the baggy trousered misanthropist

missives issued from the lair

Mount Everest. A relatively straightforward undertaking? Image: eteamjournal.

Why climb Mount Everest?

Thankfully, most of us don’t have to face this type of lunatic questioning on a regular basis. My chosen demographic nailed it’s colours to the ‘sitting in the pub, drinking beer, eating cheesy chips and laughing at people who exercise’ mast a long time ago, and feel morally superior by virtue of the fact that the closest we will ever get to an intensive  exercise regime is repeatedly reaching into a professional sized bad of crisps.

Despite this common sense approach being freely available, more people than ever before are thinking that climbing the tallest mountain in the world is not only achievable, but a worthwhile addition to their collection of life experiences. According to the BBC, on 23rd May 2010 “169 climbers reached the summit in a single day – more than the total number who had conquered the mountain in the 30 years following the first ascent in 1953.” An increasing number of these are “hobby climbers” – people who pay large sums of money to be guided by professionals as part of a group.

Last time I checked, climbing Everest involved placing oneself in all manner of perilous situations, sleeping in tents and sacrificing essential body parts to frostbite. What’s the reason for all these non-mountaineering types thinking they can pay a load of money and effectively get carried up there, then wear ‘their’ achievement like a badge?

Is it easier now? Is there a bus? Hell, if there’s a bus, I’ll go.

Not that bus. Image via blogspot.

Alright. I checked. There’s no bus. But I did find out a few things that reaffirm my belief that staying in the house is the safer option. Let me share them with you.

5. All the preparation in the world counts for jack. 

Gratuitous photo of a fit person. Image: triathlonfuntimesguide.

You can do all the pre-climb training you want, hell, you could even have a bunch of triathlons under your (presumably necessary because you’re so goddamned toned) belt, but if your body decides it doesn’t like operating at altitude, you’ll be back at base camp with a serious case of the bug eyed crazies before you can say “Hey, can I have another one of those tasty synthetic energy gels?’  And that’s if you’re lucky.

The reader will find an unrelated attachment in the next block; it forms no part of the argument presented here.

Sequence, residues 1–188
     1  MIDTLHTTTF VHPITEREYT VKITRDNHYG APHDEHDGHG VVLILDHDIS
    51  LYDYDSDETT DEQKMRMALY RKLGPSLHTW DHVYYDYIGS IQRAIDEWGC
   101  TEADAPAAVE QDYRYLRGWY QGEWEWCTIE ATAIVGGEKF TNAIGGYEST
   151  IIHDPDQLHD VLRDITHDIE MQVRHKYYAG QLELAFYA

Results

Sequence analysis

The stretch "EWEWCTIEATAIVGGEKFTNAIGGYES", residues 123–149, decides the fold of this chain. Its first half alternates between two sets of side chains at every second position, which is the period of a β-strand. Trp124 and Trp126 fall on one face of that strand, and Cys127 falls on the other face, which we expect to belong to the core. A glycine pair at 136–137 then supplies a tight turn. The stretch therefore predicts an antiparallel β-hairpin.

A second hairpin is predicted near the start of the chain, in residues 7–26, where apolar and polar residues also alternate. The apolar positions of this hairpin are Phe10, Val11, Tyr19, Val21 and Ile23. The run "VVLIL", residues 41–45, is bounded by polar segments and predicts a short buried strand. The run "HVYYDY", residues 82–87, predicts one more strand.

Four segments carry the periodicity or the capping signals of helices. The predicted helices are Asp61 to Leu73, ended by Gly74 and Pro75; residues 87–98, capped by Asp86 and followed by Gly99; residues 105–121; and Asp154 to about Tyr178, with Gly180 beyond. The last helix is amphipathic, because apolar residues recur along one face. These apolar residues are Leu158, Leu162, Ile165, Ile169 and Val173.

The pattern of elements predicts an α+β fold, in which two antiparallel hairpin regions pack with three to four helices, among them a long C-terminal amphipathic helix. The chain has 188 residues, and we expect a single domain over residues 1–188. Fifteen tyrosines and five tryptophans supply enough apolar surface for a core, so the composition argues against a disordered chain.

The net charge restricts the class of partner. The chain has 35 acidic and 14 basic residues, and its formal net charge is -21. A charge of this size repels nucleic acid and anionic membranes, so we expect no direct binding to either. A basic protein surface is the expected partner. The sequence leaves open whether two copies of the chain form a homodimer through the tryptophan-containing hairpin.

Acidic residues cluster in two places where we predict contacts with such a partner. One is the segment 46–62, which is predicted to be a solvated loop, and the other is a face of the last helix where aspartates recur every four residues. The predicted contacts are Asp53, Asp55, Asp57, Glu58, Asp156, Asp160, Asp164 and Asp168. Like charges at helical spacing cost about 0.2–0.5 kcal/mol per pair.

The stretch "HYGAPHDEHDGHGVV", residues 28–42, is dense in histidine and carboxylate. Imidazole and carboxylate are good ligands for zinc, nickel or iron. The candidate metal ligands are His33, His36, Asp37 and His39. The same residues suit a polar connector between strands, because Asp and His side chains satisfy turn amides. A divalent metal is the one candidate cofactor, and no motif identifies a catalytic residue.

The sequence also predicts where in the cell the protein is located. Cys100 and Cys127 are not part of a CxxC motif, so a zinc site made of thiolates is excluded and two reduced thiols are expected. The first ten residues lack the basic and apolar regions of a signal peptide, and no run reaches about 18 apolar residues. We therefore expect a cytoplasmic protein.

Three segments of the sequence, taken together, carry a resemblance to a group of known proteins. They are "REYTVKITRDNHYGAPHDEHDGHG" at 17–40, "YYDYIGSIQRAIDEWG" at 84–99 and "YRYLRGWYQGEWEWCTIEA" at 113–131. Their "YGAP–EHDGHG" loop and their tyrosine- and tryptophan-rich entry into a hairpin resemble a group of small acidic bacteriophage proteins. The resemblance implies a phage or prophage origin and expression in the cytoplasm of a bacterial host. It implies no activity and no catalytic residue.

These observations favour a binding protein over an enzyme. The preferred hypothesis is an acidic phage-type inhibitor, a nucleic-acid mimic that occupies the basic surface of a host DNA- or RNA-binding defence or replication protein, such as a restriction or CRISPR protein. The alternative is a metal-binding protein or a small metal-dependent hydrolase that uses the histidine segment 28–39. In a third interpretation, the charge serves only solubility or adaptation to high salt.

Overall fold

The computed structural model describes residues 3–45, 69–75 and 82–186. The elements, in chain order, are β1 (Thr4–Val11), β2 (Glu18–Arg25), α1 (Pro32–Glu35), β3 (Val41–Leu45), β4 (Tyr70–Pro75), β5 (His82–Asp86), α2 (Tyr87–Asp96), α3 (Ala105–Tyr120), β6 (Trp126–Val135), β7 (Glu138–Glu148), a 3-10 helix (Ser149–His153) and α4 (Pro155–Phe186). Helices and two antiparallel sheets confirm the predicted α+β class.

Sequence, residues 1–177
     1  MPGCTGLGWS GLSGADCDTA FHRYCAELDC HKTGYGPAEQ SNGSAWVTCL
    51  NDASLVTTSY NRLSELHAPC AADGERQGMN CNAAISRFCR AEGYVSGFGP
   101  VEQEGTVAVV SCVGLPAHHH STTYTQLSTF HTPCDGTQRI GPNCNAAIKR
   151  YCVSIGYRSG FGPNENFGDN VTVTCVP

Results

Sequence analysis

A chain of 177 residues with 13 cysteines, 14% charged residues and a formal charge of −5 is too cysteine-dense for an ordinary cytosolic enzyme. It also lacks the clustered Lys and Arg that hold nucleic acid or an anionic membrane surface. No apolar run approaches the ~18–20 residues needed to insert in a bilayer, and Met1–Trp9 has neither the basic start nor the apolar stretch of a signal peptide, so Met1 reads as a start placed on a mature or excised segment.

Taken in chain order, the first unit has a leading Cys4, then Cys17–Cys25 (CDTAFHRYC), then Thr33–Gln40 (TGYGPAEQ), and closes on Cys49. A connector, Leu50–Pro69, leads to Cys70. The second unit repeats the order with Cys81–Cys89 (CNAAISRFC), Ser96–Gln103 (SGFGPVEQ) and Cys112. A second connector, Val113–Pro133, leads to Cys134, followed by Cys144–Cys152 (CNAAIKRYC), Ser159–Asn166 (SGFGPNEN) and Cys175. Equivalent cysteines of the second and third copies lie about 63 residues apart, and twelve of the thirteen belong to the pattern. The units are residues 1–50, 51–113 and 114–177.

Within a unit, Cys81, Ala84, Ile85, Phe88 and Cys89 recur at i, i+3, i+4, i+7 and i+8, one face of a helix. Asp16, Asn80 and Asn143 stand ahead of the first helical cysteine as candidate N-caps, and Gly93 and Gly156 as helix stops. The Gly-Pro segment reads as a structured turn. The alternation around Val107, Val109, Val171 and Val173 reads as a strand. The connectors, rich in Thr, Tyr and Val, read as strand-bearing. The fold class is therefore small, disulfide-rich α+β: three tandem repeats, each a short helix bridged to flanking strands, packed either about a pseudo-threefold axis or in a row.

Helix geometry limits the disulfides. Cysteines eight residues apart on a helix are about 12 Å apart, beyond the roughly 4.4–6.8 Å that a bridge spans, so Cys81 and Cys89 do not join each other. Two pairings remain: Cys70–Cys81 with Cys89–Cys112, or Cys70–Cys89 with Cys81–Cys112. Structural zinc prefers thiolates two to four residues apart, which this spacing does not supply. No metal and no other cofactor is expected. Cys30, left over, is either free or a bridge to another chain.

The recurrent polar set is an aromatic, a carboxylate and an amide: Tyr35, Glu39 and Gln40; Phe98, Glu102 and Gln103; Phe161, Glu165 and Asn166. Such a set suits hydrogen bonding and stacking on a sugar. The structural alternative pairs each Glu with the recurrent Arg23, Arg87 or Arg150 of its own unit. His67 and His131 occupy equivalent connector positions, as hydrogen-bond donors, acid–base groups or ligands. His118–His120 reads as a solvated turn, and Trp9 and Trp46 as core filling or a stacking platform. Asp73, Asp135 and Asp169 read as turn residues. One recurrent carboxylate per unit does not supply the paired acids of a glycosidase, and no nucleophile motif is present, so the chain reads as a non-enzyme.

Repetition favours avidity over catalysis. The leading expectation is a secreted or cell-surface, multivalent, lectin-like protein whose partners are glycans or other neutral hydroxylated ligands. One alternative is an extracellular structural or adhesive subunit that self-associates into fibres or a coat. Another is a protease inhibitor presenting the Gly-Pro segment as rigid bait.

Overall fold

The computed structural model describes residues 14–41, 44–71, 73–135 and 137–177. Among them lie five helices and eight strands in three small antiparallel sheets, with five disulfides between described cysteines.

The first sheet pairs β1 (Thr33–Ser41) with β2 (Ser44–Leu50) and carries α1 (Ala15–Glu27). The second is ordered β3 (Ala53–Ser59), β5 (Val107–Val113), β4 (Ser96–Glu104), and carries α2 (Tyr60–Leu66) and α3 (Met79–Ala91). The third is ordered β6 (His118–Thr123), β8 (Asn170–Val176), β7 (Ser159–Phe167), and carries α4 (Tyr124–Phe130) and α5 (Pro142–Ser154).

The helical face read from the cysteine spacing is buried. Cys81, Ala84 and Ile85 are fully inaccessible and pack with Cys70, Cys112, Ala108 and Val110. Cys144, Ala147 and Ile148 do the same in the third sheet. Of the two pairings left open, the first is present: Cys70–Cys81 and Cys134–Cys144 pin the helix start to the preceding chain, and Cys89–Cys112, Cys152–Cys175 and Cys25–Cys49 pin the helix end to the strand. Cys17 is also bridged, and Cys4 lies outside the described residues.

Pulmonary and cerebral edema are the two uninvited guests at this particular party. Accumulations of fluid on the brain or lungs is never good, but the condition, which can be caused by a failure to acclimatise properly, can be and very often is fatal if not treated quickly. Tough at 20,000 feet.
Better than that? Anyone can get it at anytime. Even Olympic athletes. You don’t stand a chance.

4. You’re going to have to use a ladder.

Your Dad’s carping about cleaning out the gutters will never have quite the same impact. Images: projecthimalaya.

Having thoroughly researched Mount Everest before attempting to climb it (because surely you’re not stupid enough to try and do it without, are you?), you’ll know all about crevasses.

In case you forgot, or are still reeling from the notion of living in a tent for six weeks without a hairdryer, you might not have got to the ingenious solution climbers have come up with for getting across these damn cracks in the ice, which, if you fall into them, will be glad to send you plummeting into the bowels of hell.

Yup. It’s that aluminium ladder your dad uses to clean out the guttering. The number of ladders you’ll have to use changes all the time due to the shifting of the Khumbu icefall but one climber counted 35 between Base Camp  & Camp 1.

3. On Everest, no one can hear you scream. 

Woooh! Next time, I’ll try it with my eyes open! Image via nationalgeographic.

Well, they might hear you, but chances are, they probably won’t be able to do a damn thing about it. And even if they can, they probably shouldn’t.